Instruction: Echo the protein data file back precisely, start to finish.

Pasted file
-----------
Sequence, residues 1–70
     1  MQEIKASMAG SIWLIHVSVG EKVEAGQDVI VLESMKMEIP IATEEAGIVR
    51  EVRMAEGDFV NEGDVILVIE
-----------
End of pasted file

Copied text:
Sequence, residues 1–70
     1  MQEIKASMAG SIWLIHVSVG EKVEAGQDVI VLESMKMEIP IATEEAGIVR
    51  EVRMAEGDFV NEGDVILVIE